We drove to the grade school and met the little kids’ teachers. The teachers all seemed really nice. Only Clay’s room is in a trailer. I started to relax a little, thinking that school wasn’t going to be all bad. Until I had to fill out the forms indicating which things I’d like to volunteer for and then it hit me. I can’t volunteer for anything anymore because I’m a working parent now. Not a stay-at-home, care for my kids, be involved parent. Not a work-from-home parent. But a go-to-work parent who is too busy during the day to care for her kids; who will no doubt be too busy shopping, paying bills, writing, cleaning, and cooking in the evening to spend much time with them. I hate that! I mean, you gotta do what you gotta do and right now, I need to work outside the house as well as from home. And I am looking forward to this job, don’t get me wrong. But I hate that I’m no longer available to be there for my kids during the day.
That hit me hard, but I didn’t have time to deal with my feelings because my kids were still whining that they were hot and bored. The teens were anxious to get to the high school and walked out to the car despite the fact that I still needed to find someone to ask about drop-off procedures. I didn’t know where to take my kids in the morning and it’s not like I can leisurely walk them to school and make sure they get to their classrooms. Nope, I have to drop them off as early as possible, then speed to my own school.
By the time we got to the high school, I was feeling pretty bad about everything. The high school (that looks more like a college campus) was crammed with people. Moving through the crowd, hot and sweaty, trying to keep track of all my kids, searching for someone, anyone who had a clue where schedules and maps were just pushed me over the edge. I started crying. I’m not going to be around to help my kids. The schools here are huge. There weren’t any helpful folks in the crowd directing people, handing out maps, or answering questions. No bus schedule was included with the class schedules. How are my kids supposed to know when and where to catch a bus come Monday? Where and when do they get IDs? How about supply lists? Gym uniforms? Lockers? Do they even have lockers? Is there a dress code? What is it? What kind of crappy school doesn’t hand out information to parents upon registering? What kind of subpar educational system doesn’t send information about new student orientations?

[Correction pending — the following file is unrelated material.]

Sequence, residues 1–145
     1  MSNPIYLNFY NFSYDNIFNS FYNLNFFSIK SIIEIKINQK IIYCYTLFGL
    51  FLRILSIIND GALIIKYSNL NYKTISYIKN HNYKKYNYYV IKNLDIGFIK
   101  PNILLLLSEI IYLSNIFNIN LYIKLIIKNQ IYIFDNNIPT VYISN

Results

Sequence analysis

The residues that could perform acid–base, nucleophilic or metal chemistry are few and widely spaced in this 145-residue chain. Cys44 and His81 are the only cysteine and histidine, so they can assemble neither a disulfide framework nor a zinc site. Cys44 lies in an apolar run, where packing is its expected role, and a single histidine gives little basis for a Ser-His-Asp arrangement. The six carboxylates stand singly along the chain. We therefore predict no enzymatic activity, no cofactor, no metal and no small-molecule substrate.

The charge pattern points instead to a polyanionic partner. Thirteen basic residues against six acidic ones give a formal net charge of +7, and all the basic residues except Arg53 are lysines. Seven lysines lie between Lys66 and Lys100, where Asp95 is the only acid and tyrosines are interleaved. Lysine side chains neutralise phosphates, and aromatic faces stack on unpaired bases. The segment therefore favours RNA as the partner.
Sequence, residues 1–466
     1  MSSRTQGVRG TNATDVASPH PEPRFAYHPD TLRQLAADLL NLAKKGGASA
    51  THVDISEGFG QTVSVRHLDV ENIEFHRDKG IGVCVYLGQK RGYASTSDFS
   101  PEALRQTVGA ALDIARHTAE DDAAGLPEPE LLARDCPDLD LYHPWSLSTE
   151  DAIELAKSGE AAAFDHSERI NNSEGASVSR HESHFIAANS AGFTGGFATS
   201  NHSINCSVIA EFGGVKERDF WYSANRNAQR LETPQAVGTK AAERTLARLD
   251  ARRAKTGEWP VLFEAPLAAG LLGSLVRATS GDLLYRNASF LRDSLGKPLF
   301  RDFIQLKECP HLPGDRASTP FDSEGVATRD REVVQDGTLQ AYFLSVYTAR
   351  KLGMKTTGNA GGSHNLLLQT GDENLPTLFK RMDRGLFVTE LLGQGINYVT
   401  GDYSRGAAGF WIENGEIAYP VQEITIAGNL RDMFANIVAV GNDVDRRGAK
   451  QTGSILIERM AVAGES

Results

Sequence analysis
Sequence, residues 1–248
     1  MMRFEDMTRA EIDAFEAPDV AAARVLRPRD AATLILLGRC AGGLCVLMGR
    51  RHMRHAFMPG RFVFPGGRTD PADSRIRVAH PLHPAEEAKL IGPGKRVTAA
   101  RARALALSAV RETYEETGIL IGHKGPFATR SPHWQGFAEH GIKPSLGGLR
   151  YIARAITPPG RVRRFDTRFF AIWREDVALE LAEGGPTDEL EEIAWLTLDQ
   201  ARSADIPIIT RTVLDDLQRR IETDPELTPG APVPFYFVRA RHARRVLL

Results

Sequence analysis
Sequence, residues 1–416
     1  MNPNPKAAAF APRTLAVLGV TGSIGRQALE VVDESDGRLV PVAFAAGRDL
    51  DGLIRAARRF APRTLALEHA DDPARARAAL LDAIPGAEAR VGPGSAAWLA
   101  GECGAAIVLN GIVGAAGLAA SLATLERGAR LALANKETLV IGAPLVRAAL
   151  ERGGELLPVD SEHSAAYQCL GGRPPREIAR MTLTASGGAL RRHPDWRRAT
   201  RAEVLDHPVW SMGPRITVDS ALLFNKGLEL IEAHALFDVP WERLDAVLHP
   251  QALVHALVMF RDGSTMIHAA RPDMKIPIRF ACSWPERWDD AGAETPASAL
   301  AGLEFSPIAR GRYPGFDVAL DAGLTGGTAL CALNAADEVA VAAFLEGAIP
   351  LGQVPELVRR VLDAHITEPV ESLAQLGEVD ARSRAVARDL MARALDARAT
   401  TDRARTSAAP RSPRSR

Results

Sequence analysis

My mind whirled crazily out of control. I came to the conclusion that I was a horrible parent for moving here. Bottom line – I’d ruined my kids’ lives. It didn’t matter that I’d made the right decision and did everything I could possibly do to ensure our future. It didn’t matter that I’d moved across the country away from everything and everyone I knew just so I could have a job with a steady paycheck and insurance. It didn’t matter that I’d moved into a more affordable house. No, my brain just shut that out and all I could think of was how my kids were having to start all over in these strange schools and it was all my fault.
I bawled, unable to get a grip on my emotions, then I got mad at myself for losing it which made me cry more. To top it off, it was Jackson’s birthday today. He’s thirteen. There was no party, no relatives, no special dinner since we were running to schools all evening, and his day ended with his mom losing her mind. I don’t lose it. I DON’T LOSE IT. I handle everything with a sense of humor. I find the good and the funny in everything. I smile through adversity and keep going. I’m strong for my kids. Always. And I absolutely detest it when I break down. I don’t care if it’s human or healthy or okay. I hate it. And I hate that instead of encouraging my kids with a positive attitude, I made everything worse by freaking out.